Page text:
Not just around the Shabbos table, but in public speeches, letters to the editors, and even violent attacks against other Jews, the religious community (and I mean all parts of the religious community, including all different types of dress and ideologies) has managed to guarantee that we will have to fast again on this Tisha B'av.

Tonight as we sit on the floor and cry for events that happened almost 2000 years ago. We should look around the shul and around the Jewish world and remember that all over the world Jews are sitting on the floor crying and listening to the words of Yerimiyahu. If we manage to unite at least in our tears, maybe, just maybe, next year we will be able to unite in joy.

Below is a poem by Rabbi Yitzchok Feigenbaum that you've probably seen this before. It was originally titled "Ode To Purim", but I think that it is more suitable for Tisha B'Av than Purim.

May we all have an easy and meaningful fast.

"כשם שחרבנו, וחרב העולם עמנו, בשנאת חינם; כך ניבנה, וייבנה העולם עמנו, באהבת חינם."
(הראי"ה קוק, אורות הקודש)


"yeshno am echod m'Foozar umi'forud"
To all of "us", from one of "them".
By Rabbi Yitzchok Feigenbaum


T'was the night of the geulah,
and in every single shteibel,
sounds of Torah could be heard,
coming from every kind of Yeidel.

This one in English,
some in Hebrew, some in Yiddish,
some saying pshat,
and some saying chiddush.

And up in shomayim,
the Aibishter decreed,
"The time has come
for My children to be freed.

Rouse the Mashiach
from his heavenly berth,
have him get in his chariot
and head down to Earth."

The Moshiach got dressed,
and with a heart full of glee,
went down to the Earth, and entered
the first shteibel he did see.

"I'm the Moshiach,
Hashem has heard your plea,
your geulah has come,
it is time to go free!"

They all stopped their learning,
this was quite a surprise,
And they looked at him carefully
with piercing sharp eyes.

"He's not the Mashiach!"
said one with a grin,
"Just look at his hat,
at the pinches and brim!"

"That's right!", cried another
with a grimace and a frown,
"Whoever heard of Mashiach
with a brim that is down?!"

"Well", thought Mashiach,
"If that is the rule,
I'll turn my brim up
before I go to the next shule!"

So he walked on right over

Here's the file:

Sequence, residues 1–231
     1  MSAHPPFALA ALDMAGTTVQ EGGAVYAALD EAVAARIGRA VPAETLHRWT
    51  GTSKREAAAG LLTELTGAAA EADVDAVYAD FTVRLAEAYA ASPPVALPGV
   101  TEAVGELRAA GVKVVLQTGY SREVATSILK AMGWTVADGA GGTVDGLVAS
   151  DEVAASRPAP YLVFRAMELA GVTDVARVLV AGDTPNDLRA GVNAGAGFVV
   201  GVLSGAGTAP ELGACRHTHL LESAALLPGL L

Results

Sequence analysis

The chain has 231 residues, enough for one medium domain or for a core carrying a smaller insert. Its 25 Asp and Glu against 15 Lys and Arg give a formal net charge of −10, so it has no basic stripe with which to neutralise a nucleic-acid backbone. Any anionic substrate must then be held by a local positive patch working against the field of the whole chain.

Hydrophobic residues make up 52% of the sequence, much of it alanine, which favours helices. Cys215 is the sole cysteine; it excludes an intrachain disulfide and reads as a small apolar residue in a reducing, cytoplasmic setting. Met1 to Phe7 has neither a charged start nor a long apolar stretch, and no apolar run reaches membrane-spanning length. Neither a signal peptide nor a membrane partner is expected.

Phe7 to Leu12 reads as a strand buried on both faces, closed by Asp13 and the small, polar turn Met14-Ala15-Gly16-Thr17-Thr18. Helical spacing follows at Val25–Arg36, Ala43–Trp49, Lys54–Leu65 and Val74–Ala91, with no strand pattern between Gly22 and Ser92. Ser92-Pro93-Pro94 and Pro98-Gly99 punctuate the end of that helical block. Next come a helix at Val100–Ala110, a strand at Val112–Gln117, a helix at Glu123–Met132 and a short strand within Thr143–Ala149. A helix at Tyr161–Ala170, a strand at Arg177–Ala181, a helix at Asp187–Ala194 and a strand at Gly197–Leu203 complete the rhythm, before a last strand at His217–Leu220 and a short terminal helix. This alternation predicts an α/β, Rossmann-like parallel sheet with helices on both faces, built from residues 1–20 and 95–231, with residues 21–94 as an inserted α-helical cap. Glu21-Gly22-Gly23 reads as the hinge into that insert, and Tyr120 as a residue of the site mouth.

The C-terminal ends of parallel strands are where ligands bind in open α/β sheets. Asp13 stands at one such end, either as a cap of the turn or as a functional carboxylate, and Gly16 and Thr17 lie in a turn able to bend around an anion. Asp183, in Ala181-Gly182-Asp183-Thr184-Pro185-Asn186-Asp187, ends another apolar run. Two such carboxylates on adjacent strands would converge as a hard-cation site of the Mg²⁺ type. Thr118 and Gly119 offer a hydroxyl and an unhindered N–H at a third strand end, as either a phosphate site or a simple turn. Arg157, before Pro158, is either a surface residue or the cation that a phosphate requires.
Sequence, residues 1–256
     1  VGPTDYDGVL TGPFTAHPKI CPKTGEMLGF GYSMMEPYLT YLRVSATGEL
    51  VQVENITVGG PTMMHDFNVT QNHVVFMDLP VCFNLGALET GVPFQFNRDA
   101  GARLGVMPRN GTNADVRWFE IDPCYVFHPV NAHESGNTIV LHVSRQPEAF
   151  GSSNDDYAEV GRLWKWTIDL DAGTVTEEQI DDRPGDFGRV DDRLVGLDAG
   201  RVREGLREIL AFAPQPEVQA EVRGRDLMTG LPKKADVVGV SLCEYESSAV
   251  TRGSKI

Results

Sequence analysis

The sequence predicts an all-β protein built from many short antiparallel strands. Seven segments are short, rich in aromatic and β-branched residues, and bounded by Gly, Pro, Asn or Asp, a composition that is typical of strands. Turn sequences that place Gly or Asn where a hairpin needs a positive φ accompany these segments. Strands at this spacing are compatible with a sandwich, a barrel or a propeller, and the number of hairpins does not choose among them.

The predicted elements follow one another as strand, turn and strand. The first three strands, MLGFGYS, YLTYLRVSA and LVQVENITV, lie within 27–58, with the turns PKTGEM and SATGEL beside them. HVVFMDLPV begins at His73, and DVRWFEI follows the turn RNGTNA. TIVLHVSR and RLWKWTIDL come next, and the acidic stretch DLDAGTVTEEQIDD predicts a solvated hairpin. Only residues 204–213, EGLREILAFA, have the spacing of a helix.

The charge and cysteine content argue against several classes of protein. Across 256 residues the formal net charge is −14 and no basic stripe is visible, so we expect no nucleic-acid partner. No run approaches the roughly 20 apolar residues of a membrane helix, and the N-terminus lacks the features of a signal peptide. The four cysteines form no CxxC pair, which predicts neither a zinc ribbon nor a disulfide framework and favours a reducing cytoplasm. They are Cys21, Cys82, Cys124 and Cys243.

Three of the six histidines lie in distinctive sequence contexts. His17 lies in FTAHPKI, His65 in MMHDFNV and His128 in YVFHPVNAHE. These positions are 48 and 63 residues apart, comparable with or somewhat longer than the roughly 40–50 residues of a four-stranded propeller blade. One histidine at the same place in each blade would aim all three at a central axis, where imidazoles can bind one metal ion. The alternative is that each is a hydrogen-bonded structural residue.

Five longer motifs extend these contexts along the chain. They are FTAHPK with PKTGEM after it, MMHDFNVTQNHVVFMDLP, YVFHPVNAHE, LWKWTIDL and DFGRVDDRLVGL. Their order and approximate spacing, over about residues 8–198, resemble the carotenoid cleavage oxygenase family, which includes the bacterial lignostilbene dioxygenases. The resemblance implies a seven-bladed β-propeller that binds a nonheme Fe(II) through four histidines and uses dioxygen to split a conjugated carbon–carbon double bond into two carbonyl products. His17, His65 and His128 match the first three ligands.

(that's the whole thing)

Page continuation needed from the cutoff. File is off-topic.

to the next shule in town,
confident to be accepted
since his brim was no longer down.

"I'm the Mashiach!", he cried
as he began to enter.
But the Jews there wanted to know first,
if he was left, right, or center.

"Your clothes are so black!"
they cried out in a fright.
"You can't be Mashiach --
you're much too far right!

If you want to be Mashiach,
you must be properly outfitted."
So they replaced his black hat
with a kipa that was knitted.

Wearing his new kipa,
Mashiach went out and he said,
"No difference to me
what I wear on my head."

So he went to the next shule,
for his mission was dear,
But he was getting a bit frustrated
with the Yidden down here.

"I'm the Mashiach!" he cried,
and they all stopped to stare.
And a complete eerie stillness
filled up the air.

"You're the Mashiach?!
Just imagine that.
Whoever heard of Mashiach
without a black hat?!"

"But I do have a hat!"
the Mashiach then said.
So he pulled it right out
and plunked it down on his head.

Then the Shule started laughing,
and one said, "Where's your kop?
You can't have Mashiach
with a brim that is up!

If you want to be Mashiach,
and be accepted in this town,
put some pinches in your hat,
and turn that brim down!"

Mashiach walked out and said,
"I guess my time hasn't really come,
I'll just have to return
to where I came from.

So he went to his chariot,
but as he began to enter,
all sorts of Jews appeared,
from left, right, and center.

"Please wait, do not leave,
it's all THEIR fault!" they said
And they pointed to each other,
and to what was on each other's head.

Mashiach just looked sad,
and said, "You don't understand."
And then started up his chariot
to get out of this land.

"Yes, it's very wonderful,
that all of you learn Torah,
But you seem to have forgotten,
a crucial part of our mesorah."

"What does he mean?
What's he talking about?"
And they all looked bewildered,
and all began to shout.

Mashiach looked back and answered,
"The first place to start,
is to shut up your mouths,
and open up your heart.

To each of you, certain Yidden
seem too frum or too frei
but ALL Yidden are beloved,
in the Aibeshter's eye."

And on his way up he shouted,
"If you want me to come,
try working a little harder
on some ahavas chinam."

(c) YZF Toronto 1992. This may be freely reproduced and
distributed under the following conditions: 1) That it is
reproduced EXACTLY as it appears here, including the heading on
side one, ALL 30 stanzas, and this note; 2) it is distributed
free of charge; 3) it is not used by ANY organization or
promotional purposes. Any breach of these conditions shall
constitute gezel and a breach of the copyright.

LI'N Yikuse'el Zussman B"R Yitzchok Z"L and Pesha B"R Avrohom
Halevi Z"L